It’s been quite a week, both very busy work-wise and also a few days with no electricity – thus cooking reverted to survival mode. Thus, after we picked-up our farm share on Wednesday (peas, kale, spring onions, garlic scapes, turnips, spinach, zucchini, dill) our meals were simple. Luckily our stovetop is gas, so with a candle and a match I used up the bit of meat in our freezer and the most sensitive veggies.
The weekend came around – and the power was back on – but we were about to set off for an 8 day road trip, so I had some veggies and herbs to use or lose. Now that I could use the food processor again, I decided to whip up some quick pestos that I could freeze. There’s nothing like having a fresh whiff of garden-fresh herbs in the kitchen when it’s freezing outside.
First I stripped the dill off the tender stalks (this dill was huge and fragrant!), gave it a very rough chop and tossed it in the bowl of the processor – maybe about a cup and a half of dill. Next I chopped three garlic scapes into a few pieces and threw them in. (Side note: if you’ve never cooked with, or even seen a garlic scape, they are a sight to behold. Curled like a pig’s tail, but much longer and bright green, they are the fresh stalks from the end of a garlic clove with a small unbloomed flower bud at the end. They look a bit like curvy green onions, but taste very garlicky and fresh, so chop and use in place of a similar amount of a bulb of garlic. Or you could always use regular garlic or green garlic in place of garlic scapes.) I turned on the processor and streamed in 2 ½ tablespoons or so of good olive oil, just like I would for basil pesto. A bit of salt, pepper and the juice from half a lemon and I had a great, fresh dill pesto – perfect for tossing with roasted veggies or pasta, or you could add more oil and a bit of vinegar (or more lemon) for a salad dressing.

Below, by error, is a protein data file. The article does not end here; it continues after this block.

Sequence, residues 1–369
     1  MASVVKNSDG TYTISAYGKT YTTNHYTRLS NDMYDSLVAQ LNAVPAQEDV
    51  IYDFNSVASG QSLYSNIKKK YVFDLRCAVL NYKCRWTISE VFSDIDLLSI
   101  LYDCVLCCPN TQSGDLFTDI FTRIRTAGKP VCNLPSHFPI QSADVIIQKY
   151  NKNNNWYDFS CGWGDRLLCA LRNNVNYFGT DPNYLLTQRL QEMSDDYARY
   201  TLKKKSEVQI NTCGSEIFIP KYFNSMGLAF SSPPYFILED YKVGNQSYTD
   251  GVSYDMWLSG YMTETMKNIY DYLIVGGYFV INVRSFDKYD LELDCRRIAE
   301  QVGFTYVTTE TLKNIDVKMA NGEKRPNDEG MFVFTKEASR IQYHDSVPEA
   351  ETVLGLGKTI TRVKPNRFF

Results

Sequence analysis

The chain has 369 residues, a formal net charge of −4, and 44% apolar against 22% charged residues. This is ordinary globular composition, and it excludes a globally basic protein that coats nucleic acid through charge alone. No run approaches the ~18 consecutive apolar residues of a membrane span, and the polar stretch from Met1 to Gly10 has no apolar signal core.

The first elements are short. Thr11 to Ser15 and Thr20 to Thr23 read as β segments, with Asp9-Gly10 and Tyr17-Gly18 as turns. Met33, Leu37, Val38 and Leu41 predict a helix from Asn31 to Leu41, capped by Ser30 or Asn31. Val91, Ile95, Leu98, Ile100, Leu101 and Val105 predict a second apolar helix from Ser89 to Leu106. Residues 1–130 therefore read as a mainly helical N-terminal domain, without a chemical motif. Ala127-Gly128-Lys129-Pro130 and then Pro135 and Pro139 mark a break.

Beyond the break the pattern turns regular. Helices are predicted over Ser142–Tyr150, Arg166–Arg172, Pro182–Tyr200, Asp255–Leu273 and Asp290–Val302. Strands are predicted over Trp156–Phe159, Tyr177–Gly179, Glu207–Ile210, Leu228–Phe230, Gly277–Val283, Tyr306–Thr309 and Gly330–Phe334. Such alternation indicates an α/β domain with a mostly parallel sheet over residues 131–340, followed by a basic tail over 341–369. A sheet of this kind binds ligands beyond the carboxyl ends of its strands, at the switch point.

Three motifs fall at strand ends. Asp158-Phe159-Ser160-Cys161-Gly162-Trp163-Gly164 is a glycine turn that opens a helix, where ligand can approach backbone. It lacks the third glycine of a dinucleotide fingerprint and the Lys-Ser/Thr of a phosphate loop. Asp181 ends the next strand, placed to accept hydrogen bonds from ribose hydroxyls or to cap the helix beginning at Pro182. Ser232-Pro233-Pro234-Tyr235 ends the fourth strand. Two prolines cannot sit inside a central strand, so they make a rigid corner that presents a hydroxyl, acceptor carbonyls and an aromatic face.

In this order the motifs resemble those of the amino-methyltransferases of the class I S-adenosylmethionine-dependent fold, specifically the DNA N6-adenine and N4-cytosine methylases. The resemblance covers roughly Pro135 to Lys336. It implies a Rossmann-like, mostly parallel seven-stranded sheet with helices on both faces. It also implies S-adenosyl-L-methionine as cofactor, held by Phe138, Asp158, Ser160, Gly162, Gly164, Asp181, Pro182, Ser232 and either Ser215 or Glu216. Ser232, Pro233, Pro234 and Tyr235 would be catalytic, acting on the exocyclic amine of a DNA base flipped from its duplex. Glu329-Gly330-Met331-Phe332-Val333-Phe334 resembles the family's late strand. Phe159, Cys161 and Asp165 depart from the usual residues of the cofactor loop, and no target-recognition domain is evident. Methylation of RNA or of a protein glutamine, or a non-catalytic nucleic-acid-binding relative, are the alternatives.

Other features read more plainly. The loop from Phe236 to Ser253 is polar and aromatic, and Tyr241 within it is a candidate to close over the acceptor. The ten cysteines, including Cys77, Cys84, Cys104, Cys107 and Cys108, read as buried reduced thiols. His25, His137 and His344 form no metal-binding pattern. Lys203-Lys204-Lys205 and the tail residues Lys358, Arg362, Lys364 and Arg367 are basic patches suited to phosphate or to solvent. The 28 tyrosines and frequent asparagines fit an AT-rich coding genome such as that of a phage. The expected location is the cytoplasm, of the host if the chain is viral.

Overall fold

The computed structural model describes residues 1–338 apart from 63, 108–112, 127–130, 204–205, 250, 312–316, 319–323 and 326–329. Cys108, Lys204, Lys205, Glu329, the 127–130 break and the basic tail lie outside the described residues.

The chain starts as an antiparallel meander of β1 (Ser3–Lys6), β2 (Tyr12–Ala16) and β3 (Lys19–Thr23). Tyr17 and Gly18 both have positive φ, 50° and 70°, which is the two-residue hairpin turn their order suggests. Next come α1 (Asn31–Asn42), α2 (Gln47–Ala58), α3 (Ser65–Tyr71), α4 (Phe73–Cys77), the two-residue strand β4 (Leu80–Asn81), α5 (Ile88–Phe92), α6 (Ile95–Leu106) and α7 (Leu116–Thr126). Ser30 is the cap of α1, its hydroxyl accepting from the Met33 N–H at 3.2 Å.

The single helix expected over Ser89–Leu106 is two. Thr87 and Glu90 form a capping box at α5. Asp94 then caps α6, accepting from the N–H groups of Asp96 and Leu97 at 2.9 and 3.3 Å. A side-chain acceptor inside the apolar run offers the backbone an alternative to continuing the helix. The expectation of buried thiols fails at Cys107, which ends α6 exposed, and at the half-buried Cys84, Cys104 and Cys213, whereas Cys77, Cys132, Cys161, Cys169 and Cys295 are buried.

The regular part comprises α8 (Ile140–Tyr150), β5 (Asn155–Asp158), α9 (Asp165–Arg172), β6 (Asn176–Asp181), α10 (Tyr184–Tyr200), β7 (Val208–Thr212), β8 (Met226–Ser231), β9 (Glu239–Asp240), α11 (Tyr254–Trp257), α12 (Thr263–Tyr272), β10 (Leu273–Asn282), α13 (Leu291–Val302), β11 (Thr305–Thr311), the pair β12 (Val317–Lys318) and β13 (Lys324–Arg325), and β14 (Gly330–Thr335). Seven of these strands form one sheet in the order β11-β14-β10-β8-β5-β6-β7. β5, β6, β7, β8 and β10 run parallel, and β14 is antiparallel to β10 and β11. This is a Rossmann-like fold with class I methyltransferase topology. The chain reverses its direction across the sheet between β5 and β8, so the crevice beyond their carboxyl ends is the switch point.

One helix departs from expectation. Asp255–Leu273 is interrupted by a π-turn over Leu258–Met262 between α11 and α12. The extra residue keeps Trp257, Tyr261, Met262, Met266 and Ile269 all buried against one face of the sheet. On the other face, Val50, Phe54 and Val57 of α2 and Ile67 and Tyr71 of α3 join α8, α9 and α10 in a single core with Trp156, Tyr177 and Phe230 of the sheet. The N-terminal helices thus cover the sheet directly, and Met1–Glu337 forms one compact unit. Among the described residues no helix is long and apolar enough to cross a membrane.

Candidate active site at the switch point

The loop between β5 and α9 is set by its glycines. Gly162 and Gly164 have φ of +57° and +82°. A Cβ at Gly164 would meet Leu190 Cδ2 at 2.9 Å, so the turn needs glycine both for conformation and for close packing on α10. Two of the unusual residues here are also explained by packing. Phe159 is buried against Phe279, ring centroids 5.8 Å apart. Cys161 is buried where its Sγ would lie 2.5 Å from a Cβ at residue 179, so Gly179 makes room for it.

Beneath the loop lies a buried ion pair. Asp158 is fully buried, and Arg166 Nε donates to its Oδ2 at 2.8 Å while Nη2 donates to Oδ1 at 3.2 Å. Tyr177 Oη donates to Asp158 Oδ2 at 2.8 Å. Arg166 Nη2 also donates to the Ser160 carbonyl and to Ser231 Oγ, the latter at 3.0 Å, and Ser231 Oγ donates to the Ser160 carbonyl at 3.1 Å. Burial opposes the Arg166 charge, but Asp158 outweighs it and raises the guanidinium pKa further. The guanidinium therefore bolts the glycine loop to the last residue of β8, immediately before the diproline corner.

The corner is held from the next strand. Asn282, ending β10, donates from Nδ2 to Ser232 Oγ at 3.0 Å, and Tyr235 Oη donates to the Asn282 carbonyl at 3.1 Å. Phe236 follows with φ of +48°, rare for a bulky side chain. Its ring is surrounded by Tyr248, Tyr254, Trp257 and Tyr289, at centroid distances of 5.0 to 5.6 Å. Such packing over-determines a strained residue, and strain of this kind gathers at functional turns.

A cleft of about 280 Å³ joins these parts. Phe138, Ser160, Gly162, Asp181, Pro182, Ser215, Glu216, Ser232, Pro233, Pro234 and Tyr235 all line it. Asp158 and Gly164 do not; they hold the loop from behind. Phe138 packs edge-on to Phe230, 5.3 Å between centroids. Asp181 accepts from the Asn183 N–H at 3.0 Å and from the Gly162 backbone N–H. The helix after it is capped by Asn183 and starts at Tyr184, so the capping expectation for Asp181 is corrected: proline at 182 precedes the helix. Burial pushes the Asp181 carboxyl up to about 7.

Next I took the stems off two cups of spinach and rough chopped two garlic scapes. They went into the processor with about 2 tablespoons of olive oil, salt, pepper, and the other half of the lemon. This pesto ends up a bit runnier – good for flavoring dip or adding to pasta with just a bit of pasta water to make a sauce. Adding a bit of grated parm when defrosted would make this even better. I have also added pesto of all kinds to scrambled eggs and frittatas. This too had a great, pungent smell of the scapes mixed with the earthiness of the spinach. I felt a bit of sadness when I spooned them into clean jars and put them into the freezer, although I know I won’t regret it a bit when I defrost them in the dead of winter and remember this lovely early summer evening.